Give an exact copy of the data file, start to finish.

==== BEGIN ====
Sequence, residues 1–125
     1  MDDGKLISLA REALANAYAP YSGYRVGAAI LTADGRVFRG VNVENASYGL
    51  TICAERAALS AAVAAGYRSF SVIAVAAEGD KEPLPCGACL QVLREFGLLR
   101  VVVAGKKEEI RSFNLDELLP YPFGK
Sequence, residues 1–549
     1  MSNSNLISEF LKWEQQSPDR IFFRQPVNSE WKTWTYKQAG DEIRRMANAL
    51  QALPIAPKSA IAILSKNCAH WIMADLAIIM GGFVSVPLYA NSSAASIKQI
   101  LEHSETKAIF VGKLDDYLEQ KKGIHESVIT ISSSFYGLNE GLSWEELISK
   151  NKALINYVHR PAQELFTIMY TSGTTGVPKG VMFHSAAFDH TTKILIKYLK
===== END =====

Sequence, residues 1–125
     1  MDDGKLISLA REALANAYAP YSGYRVGAAI LTADGRVFRG VNVENASYGL
    51  TICAERAALS AAVAAGYRSF SVIAVAAEGD KEPLPCGACL QVLREFGLLR
   101  VVVAGKKEEI RSFNLDELLP YPFGK
Sequence, residues 1–549
     1  MSNSNLISEF LKWEQQSPDR IFFRQPVNSE WKTWTYKQAG DEIRRMANAL
    51  QALPIAPKSA IAILSKNCAH WIMADLAIIM GGFVSVPLYA NSSAASIKQI
   101  LEHSETKAIF VGKLDDYLEQ KKGIHESVIT ISSSFYGLNE GLSWEELISK
   151  NKALINYVHR PAQELFTIMY TSGTTGVPKG VMFHSAAFDH TTKILIKYLK